Public Opening Reception from 6:00 to 9:00

Until June 9th, "Another East" Romanian Cultural Institute Exhibit, Gallery RIVAA

Until June 9th, "Another East" Romanian Cultural Institute Exhibit, Gallery RIVAA

On Saturday, May 18th, the Roosevelt Island Visual Art Association welcomes Another East, organized by the Romanian Cultural Institute, to the gallery at 527 Main Street. Everyone's invited to a public opening reception from 6:00 to 9:00 p.m. Details about the exhibit are provided by the Institute. 

The Romanian Cultural Institute in New York is pleased to announce the group exhibition Another East, which runs May 18 through June 9 and which features the works of eleven artists, all professors from the Painting Department of the National University of Arts in Bucharest.
 Another East reflects the specific discourses that have formed around and through the Painting Department of the University of Arts in Bucharest.

Curated by Catalin Balescu, and accompanied by a text written by art critic Cristian Robert Velescu, the exhibition brings together a group of professors that have been, and continue to be, a crucial influence on multiple generations of Romanian artists.

The exhibition oscillates between figuration and abstraction; while some of these artistic practices display their complete autonomy from the politics of representation by embracing the history of Abstraction, others incorporate a figuration inspired by mythologies, religion, as well as from the secular every day.

Furthermore, the exhibition is an open invitation for the visitors to reconsider their preconceptions of an East they think they know, in order to experience an unquestionably less familiar East – one that is authentic, alive and transformative nonetheless. For instance, Cezar Atodiresei, revisits the pioneering language of abstract art through geometric, decorative, and intensive explorations of surfaces, to conduct research on urban architecture and to reveal the idea of ‘the citadel’ as the true theme of ‘the artist’. Similarly, Marcel Bunea, inspired by Plato’s incorruptible Realm of Ideas, is interested in chromatic exercises and in the universality of geometry, elevated beyond the rational laws of nature. George Mircea and Mircea Sarbulescu also have a more classic approach to painting: their paintings, through their decorative qualities and the bold use of textures and colors, can be perceived as post-impressionist adaptations, contemporary through their subject and topography.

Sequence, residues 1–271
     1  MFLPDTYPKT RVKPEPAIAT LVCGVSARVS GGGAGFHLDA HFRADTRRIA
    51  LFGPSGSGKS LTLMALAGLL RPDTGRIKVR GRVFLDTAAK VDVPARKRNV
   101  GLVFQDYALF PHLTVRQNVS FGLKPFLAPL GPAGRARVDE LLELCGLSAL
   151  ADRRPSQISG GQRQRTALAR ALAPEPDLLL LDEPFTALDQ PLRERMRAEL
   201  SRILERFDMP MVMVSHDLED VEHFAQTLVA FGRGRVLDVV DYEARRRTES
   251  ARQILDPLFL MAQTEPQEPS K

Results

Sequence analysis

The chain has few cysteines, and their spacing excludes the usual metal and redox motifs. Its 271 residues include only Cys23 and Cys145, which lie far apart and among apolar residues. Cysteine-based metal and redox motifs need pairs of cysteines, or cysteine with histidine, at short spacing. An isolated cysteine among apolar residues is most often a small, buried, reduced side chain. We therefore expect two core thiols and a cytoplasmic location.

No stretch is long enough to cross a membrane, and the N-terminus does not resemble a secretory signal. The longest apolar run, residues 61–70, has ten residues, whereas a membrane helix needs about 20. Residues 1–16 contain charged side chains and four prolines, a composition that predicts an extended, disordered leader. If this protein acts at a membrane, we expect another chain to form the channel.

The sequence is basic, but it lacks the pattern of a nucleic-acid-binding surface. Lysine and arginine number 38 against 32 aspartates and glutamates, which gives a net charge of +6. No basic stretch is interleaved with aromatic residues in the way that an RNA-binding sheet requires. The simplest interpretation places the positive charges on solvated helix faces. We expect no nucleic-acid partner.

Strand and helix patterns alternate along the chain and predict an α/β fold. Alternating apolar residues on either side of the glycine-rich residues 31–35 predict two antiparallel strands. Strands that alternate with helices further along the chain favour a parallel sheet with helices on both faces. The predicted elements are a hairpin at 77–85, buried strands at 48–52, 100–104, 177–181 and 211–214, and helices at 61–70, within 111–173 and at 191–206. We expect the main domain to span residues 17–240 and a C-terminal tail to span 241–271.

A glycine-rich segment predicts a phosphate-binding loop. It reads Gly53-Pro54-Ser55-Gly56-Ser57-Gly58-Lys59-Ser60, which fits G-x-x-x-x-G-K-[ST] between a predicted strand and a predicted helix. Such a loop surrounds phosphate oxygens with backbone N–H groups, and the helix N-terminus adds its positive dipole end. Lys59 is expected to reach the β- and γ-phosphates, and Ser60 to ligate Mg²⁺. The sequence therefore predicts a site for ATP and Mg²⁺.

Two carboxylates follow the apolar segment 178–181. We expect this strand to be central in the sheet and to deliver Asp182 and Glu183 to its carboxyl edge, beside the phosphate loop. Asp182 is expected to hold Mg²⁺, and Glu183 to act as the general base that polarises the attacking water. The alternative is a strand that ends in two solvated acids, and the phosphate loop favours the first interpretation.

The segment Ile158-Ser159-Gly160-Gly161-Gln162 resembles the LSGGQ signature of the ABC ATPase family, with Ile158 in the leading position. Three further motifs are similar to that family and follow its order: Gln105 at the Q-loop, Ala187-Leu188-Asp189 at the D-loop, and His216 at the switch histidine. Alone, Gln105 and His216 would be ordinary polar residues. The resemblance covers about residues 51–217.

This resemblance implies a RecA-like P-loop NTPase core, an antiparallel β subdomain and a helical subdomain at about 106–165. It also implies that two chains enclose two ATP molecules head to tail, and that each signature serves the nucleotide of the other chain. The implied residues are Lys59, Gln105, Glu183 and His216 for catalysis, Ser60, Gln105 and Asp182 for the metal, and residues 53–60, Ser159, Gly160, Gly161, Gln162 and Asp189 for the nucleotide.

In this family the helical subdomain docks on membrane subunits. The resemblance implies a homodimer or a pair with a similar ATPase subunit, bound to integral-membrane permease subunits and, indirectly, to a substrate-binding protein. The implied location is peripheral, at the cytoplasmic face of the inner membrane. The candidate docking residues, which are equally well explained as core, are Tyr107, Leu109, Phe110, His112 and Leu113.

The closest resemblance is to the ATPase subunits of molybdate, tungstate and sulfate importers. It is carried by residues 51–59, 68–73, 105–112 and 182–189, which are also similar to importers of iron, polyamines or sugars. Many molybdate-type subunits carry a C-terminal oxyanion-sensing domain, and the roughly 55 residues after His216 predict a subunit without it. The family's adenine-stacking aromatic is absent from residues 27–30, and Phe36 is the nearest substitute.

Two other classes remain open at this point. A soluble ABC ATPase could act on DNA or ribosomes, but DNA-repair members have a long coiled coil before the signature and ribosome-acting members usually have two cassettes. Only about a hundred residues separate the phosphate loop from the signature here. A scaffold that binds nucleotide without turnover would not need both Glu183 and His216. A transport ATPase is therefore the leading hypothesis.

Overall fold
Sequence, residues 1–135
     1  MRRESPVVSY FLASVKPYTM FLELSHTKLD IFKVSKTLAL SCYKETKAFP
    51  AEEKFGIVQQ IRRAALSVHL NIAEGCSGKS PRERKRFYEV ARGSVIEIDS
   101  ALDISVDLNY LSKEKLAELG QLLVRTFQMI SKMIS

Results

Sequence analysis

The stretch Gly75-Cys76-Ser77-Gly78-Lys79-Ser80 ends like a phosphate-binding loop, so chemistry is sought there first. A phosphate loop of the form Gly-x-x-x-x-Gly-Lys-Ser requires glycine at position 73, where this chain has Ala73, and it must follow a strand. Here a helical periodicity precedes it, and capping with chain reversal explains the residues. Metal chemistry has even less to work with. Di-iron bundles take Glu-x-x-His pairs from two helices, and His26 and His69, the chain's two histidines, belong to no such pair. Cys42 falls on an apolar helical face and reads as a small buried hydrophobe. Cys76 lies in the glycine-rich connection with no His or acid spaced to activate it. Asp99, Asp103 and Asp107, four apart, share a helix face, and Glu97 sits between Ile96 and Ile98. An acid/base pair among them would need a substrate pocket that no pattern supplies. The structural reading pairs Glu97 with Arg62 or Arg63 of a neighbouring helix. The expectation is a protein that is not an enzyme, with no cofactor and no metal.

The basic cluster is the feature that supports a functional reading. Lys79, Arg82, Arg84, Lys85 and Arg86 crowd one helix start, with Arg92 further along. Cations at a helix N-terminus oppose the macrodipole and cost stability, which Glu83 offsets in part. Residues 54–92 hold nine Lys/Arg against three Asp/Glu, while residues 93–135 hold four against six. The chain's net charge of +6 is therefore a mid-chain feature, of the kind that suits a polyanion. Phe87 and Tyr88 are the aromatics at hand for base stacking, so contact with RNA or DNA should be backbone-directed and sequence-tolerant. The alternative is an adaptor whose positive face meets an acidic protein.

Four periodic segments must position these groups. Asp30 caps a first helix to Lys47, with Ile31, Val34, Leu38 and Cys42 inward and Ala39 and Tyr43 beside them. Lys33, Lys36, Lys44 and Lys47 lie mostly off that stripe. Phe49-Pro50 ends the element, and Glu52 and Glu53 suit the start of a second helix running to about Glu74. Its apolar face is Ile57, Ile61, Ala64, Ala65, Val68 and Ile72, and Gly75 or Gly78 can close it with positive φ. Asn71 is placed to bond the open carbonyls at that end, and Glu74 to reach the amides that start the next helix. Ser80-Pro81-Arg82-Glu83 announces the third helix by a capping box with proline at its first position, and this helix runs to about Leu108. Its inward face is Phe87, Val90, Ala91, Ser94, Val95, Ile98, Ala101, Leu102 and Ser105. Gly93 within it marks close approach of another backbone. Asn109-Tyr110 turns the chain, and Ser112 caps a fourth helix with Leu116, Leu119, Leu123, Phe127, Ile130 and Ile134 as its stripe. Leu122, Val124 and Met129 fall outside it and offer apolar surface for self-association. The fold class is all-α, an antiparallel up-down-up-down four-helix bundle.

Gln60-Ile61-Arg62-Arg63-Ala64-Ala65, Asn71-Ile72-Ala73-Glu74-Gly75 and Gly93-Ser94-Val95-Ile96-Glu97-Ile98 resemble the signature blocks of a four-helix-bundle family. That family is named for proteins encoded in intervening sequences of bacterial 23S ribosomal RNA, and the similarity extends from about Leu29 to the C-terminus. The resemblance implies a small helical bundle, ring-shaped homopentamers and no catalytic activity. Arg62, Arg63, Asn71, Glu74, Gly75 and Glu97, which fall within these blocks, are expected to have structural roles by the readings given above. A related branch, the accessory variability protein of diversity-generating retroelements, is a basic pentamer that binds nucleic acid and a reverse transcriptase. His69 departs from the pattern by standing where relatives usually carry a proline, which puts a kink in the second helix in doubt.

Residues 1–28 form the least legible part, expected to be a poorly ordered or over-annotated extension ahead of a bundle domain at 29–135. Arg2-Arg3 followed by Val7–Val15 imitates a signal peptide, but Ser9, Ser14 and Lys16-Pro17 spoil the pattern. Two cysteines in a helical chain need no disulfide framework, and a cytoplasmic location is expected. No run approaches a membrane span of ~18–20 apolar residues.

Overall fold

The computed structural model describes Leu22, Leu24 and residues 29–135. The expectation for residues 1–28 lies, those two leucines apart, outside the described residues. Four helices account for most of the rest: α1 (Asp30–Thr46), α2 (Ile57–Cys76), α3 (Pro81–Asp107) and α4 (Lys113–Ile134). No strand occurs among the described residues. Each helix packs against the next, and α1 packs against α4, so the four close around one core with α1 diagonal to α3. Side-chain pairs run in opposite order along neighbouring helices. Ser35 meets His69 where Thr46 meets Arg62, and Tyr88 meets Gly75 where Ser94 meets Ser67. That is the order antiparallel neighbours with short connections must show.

The youngest artist in the exhibition, Andrei Tudoran, breaks from abstraction and uses photorealism as a mimetic and deceiving effect, only to further create alterations, glitches, or superimpositions directly on the paintings. His brushstrokes and his palette of colors, are in dialogue with the work of his former professor, George Moscal, whose work in the exhibition, draws closer to surrealism, by collapsing illusions of space, landscapes, and flat visual elements.

Similarly, oscillating between abstraction and figuration, and further using mixed media in  layered compositions to highlight this contrast, are Petru Lucaci and Ion Anghel, two painters who have had a long history of using photography, respectively found objects in their work.

Meanwhile, the painters Alexandru Radvan, Catalin Balescu and Traian Blodea (student of Balescu, prior to becoming himself a professor at the University) adopt a fully figurative approach. They show a keen interest in surrealism, mythologies, and religious iconographies, working through their distinctive formal styles, to reinterpret and even challenge these narratives.

The exhibition layers multiple visual local traditions that have been fused together with major Western art historical canons. Most importantly, Another East proposes a bird’s-eye view on a specific academic and temporal context, which brings about a diversity of strategies that alternate between abstraction and figuration. These strategies have served as tools for multiple generations of artists, for interpreting, adopting, as well as critically considering the period of Modernism and Post-Modernism in relation to Romanian art discourses, and more specifically, in relation to the discourse surrounding the University of Arts in Bucharest.

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